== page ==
I love books like this because they bring us up to date on what stars of classic TV shows are doing presently. The author interviewed Tony Dow, Barbara Billingsley from "Leave it to Beaver;" Dwayne Hickman, "The Many Loves of Dobie Gillis;" Stanley Livingston, "My Three Sons;" Jon Provost, "Lassie;" Ernest Thomas, and Heywood Nelson, "What's Happening;" There are many little tidbits for any fan and trivia buffs. For instance, June Lockhart did not come on the show until Provost's second season. Tony Dow talks about how the actors have never been paid for the boxed sets of DVDs, Stanley Livingston shows the differences in the industry from when he was doing the show and now. I think this would make a great series of books.
How To Talk to Girls
Harper Collins Children's Books
10 East 53rd Street New York, NY 10022
9780061718236, $6.99, www.amazon.com
I have to say I had a difficult time believing this book because the author is only nine years old. The things he says are for an older audience and I just found it hard to grasp that this kid is talking to children his age. I know that when I was his age being with a girl was the last thing a boy wanted to do. I have also watched the press fall all over itself to interview and talk about this author and his book. I felt like this is Charlie Brown talking to kids about how to find a valentine sweetheart. The book is cute but I just don't buy into the concept.
From the Heart Eight Rules to Live By
77 West 66th Street NY, NY 10023-6298
9781401309589, $14.95, www.amazon.com
Good Morning America co-anchor Robin Roberts for the first time reveals her amazing life story. She takes readers on a journey as a college basketball star, ESPN host and how she landed her current job. The book is much more than just a woman making it big in the journalism world. She talks about her siblings and how they compare to her. She talks about goals you make for yourself, having faith in God, and a strong family unit. Her parents were there for her and they taught her several things that she tells readers. Do not use excuses like race or gender when you do not get what you want. When she tried to use race as the reason she did not get a job they were tough on her and said maybe she was not good enough yet. She shows that you have to be honest with yourself and work harder for what you want. She tells all about her life before breast cancer and after, and why she decided to reveal she had the disease. The book is an inspirational journey through life.
Battlestar Galatica: Somewhere Beyond The Heavens
David Criswell & Richie F. Levine
Bear Manor Media
P.O. Box 71426 Albany, Georgia 31708
1591099935, $32.95, www.amazon.com
I, like many, am a big fan of the original series. The authors have written a very detailed study of the initial program that lasted only one season and the reborn show currently on the Sci-Fi network. They tell how the show began, the problems it had getting on the air, episode guides with notes and commentaries, a possible second season, the law suits with George Lucas, and studies of the first two seasons of the Sci-Fi mega hit. I was disappointed because they did not tell about the changes that had to be done because of the lawsuit. One was that the intro monologue had to be reworked. Those of us who have the DVD theatrical version are fortunate because it has not been changed. They also like fans shun away from the series that followed "Galactica 1980." They talk about one episode only because the character of "Starbuck" is in the episode. Even with its faults it is one of the best resources on the show and no fan should miss it.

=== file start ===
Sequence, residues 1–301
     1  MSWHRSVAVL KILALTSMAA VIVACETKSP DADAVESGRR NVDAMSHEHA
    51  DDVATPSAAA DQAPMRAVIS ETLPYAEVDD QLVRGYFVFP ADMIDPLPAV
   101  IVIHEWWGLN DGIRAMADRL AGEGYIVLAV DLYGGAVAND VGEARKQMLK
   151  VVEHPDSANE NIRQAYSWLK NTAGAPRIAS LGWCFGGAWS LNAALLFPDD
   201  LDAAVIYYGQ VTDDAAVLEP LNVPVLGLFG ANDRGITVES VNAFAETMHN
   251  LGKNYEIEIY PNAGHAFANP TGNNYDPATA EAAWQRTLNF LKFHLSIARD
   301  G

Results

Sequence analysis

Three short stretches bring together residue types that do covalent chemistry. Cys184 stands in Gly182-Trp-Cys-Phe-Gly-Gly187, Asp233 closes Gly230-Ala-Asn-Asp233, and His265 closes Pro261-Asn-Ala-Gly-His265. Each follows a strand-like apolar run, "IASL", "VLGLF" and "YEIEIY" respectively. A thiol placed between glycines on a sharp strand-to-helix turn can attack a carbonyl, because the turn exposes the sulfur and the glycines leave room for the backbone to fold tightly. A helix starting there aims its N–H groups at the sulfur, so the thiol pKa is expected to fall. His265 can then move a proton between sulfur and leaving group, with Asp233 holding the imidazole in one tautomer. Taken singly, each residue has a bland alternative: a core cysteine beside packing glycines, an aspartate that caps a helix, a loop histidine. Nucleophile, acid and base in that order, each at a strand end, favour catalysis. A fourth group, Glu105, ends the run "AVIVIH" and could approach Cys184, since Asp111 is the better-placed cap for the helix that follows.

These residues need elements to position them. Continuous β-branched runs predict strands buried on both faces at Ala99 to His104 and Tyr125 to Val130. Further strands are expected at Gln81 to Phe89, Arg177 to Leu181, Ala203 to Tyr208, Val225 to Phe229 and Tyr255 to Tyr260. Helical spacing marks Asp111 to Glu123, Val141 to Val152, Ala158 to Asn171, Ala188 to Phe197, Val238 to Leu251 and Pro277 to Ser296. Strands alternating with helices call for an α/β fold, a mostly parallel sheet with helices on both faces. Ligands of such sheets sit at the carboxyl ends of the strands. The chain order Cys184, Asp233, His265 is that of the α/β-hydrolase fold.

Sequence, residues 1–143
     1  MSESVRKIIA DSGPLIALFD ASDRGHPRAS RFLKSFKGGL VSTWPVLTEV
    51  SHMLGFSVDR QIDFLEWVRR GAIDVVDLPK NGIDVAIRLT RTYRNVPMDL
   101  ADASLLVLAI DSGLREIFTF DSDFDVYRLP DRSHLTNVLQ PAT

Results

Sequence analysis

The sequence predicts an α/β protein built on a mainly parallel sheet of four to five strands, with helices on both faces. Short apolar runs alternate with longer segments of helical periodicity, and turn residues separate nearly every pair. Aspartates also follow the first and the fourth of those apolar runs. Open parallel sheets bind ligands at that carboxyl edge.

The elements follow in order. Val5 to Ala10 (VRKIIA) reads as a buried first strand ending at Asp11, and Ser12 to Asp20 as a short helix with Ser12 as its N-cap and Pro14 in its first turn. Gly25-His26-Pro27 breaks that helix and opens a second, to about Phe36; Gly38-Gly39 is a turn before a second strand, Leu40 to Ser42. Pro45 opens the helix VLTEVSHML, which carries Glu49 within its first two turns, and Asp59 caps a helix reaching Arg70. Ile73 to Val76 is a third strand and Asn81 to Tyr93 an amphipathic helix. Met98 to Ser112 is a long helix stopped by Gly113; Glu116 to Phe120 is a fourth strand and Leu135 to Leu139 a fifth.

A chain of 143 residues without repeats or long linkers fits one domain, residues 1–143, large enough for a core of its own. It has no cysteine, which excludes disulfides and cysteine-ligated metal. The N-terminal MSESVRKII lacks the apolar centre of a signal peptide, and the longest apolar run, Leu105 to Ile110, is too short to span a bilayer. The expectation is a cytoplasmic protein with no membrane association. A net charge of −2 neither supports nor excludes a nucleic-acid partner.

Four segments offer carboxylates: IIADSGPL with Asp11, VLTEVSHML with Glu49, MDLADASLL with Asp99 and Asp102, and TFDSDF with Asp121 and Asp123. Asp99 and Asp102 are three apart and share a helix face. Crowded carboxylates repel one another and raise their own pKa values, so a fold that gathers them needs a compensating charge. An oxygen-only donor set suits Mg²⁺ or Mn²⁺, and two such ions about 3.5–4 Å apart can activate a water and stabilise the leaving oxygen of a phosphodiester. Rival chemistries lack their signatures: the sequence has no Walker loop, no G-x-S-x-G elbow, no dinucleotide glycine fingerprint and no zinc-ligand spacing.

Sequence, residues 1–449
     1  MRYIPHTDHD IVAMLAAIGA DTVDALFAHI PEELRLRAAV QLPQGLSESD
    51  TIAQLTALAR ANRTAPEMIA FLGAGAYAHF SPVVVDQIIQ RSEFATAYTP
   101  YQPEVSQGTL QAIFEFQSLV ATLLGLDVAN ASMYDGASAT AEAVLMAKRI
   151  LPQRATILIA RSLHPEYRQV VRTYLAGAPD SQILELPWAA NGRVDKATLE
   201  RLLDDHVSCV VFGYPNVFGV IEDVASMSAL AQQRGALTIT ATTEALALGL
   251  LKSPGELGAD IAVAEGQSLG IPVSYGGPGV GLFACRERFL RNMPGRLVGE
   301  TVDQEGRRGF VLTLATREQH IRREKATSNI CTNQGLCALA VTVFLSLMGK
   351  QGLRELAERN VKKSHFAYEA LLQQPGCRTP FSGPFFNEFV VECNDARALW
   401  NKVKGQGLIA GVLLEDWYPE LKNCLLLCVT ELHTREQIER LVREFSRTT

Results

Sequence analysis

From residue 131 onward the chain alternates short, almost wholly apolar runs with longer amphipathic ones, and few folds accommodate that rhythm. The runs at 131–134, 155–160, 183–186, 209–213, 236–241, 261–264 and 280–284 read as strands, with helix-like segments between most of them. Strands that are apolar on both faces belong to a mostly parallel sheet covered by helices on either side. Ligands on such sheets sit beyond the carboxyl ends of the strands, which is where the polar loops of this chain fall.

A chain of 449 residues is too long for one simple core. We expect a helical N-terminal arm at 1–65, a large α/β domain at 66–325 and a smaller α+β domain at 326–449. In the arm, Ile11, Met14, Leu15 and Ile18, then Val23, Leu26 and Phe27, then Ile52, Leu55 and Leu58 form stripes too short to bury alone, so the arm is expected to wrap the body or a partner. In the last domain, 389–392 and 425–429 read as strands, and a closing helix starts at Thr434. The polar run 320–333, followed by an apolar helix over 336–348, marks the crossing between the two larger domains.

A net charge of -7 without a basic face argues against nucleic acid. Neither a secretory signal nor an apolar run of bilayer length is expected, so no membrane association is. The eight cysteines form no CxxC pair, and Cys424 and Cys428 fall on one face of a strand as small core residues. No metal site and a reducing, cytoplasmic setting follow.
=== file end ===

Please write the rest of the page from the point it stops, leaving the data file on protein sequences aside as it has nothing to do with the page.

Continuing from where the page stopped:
Glenda C. Finkelstein
97801934677452, $15.99, www.amazon.com
I've read and reviewed just about everything this author has produced so far and I have to say this is the best thing I have had the opportunity to critique. The characters are very well defined, while the writing is much faster paced. This sequel to "Nemesis Rising" begins 10 years after the disaster on Neptune Station and deals with many of the same issues. At conventions of science fiction two of the popular topics are can you mix genres, and does religion have a place in science fiction? I think the key to the two questions is. Is it done well? I am happy to say Glenda Finkelstein mixes elements of religion, horror, sf, and mystery in generous doses that move the story along to the surprising ending and she does it so well. The cover with the character with the green eyes first drew my attention to want to re-enter the "Nemesis" universe and then I was rewarded with a story that is just a remarkable science fiction novel.
Daymare And Other Tales From The Pulps
Wildside Pulp Classics
1434494454, $14.95, www.amazon.com
Finally, after so many years of being out of print these stories are back to reach whole new audiences. Brown is one of the lesser known writers of the 1940's 1950's and 1960's who was a master of the twist of an ending tale. Many readers know Ray Bradbury or Stephen King .and that's about it. Brown's most famous short story is "Arena" that was the basis for the "Star Trek "episode. "Daymare." It is a bizarre blend of mystery and science fiction. The four other stories here are gems as well. I hope to see other books re-issued by this company
St. Martins Press
175 Fifth Avenue New York NY 10010
9780312949303, $6.99, www.amazon.com